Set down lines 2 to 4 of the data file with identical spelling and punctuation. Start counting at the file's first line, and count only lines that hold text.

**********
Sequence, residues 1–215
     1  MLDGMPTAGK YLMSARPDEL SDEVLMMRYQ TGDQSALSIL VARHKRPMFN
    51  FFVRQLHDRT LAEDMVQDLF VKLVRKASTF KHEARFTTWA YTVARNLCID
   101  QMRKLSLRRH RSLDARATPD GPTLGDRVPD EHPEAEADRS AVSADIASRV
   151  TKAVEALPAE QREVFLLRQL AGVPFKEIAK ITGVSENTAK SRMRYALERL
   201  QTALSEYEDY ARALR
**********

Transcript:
     1  MLDGMPTAGK YLMSARPDEL SDEVLMMRYQ TGDQSALSIL VARHKRPMFN
    51  FFVRQLHDRT LAEDMVQDLF VKLVRKASTF KHEARFTTWA YTVARNLCID
   101  QMRKLSLRRH RSLDARATPD GPTLGDRVPD EHPEAEADRS AVSADIASRV